Analysis: Are NYSUT’s Finances a ‘Ponzi Scheme’? Former Financial Analyst Sounds the Alarm

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New York State United Teachers will hold its annual representative assembly in New York City on April 7–8. The main order of business will be the election of new officers. For the first time, it’s possible that that election will hinge on the union’s apparently precarious finances.
Though union officials won’t say so publicly, it is getting increasingly difficult to deny that NYSUT is afloat on a sea of red ink with an iceberg ahead.
Its primary worry concerns liabilities for pensions and retiree health care for its employees (not for teachers, whose benefits are covered by the state). NYSUT needs a half-billion dollars to cover those costs and is currently short by more than $400 million.
(The 74: New York’s Teachers Unions Are Millions in The Red) 
The union has not commented recently on its debt, but in the past its spokesman brushed off the net assets calculation as the “most speculative, least instructive number” in its financial reporting — because of variations in interest rates and employee retirement patterns, among other factors that influence it.
Better investment returns and higher interest rates would boost NYSUT’s numbers, but another economic downturn and/or future inflation would presumably have the opposite effect. Downplaying net assets of negative $413 million may be necessary to keep up public confidence, but it is instructive to compare NYSUT’s characterization of its negative net assets with the way a union with favorable net assets characterizes them.
We need look no further than one of NYSUT’s parent unions. Last year, the National Education Association’s net assets were nearly $300 million. “One important indicator of an organization’s financial strength is its net assets,” NEA’s secretary-treasurer reported. “Net assets should be a positive balance, sufficient to support future growth and stabilize an organization in troubled times.”

NYSUT fails on all three counts.
Its long-term debt might be manageable if it were handling current assets responsibly, but the union has been running deficits annually for nearly a decade, resulting in an accumulated debt of $144 million.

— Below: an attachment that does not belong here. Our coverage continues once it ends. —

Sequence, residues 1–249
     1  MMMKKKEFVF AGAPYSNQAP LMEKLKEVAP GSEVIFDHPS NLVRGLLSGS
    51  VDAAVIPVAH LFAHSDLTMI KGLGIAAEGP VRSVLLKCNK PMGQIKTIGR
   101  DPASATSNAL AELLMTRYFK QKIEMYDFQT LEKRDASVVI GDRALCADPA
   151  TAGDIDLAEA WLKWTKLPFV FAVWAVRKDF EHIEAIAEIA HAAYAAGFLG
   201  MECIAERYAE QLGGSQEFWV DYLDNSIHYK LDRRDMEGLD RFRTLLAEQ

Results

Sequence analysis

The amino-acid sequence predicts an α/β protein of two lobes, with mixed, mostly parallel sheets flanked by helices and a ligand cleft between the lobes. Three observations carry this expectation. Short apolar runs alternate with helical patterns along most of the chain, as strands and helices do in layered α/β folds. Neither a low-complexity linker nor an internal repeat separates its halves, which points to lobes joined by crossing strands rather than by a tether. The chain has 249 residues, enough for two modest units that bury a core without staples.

To be clear, that’s not a projection — it’s what spending more than you bring since 2007–2008 looks like.
Privately at least, NYSUT officers recognize the danger. Last year, Rick Karlin of the Albany Times Union reported on an internal NYSUT memo that warned the union’s pension reserves could be depleted in five years.
With elections approaching, activists are taking notice. NYSUT’s officers dismiss critics outside the union, but it’s difficult to marginalize Harris Lirtzman, whose credentials both as a labor advocate and in the financial world are unique and seemingly impeccable.
Lirtzman became a New York City teacher late in life, after a long career at Merrill Lynch and the New York City Comptroller’s Office, rising to the position of deputy comptroller for administration. As a teacher, Lirtzman was profiled in The New York Times for blowing the whistle on violations of the state’s special education regulations, charges for which he was ultimately vindicated.
Lirtzman has taken a special interest in NYSUT’s finances. In a letter to New York City education blogger Norm Scott, he described its situation bluntly, charging that it used member dues to pay overdue debts.
“NYSUT is a Ponzi scheme,” he said. “So long as the cash keeps moving from dues-paying members to NYSUT to the AFT to the UFT and back around it can keep its doors open.”
But he suggested that if the flow of dues slows for any reason, the structure collapses. “No one ever suspected that the cash could stop,” he said. “But it will stop and soon.”
Lirtzman explained in layman’s terms the two ways to fund a retirement system. “You can either make arrangements to pay for those commitments by funding them over time and investing those funds to earn more money,” he wrote. “Or you can take cash that comes in today from member dues and use it to pay the benefits you owe your current and retired employees. The first way is prudent but can be expensive. The second way can work but only if everything plays out the way you hope.”
In this scenario, a Friedrichs-type court action that results in an end to agency fees (paid by non-member teachers who benefit from collective bargaining) or an economic downturn that forces downsizing of school staffs could create a crisis.
Lirtzman thinks drastic action is necessary. “We can keep the worst of this from happening if we take the time, now, to understand how badly NYSUT is managed, how terribly our money is being misused and how much we will lose if we don’t act,” he wrote. “I hope that the political strategy [voting out incumbent NYSUT leaders] works in the long run. I’m afraid that we don’t have the long run to find out.”
As The New York Times suggested in that profile, “Perhaps it pays to heed Harris Lirtzman.”
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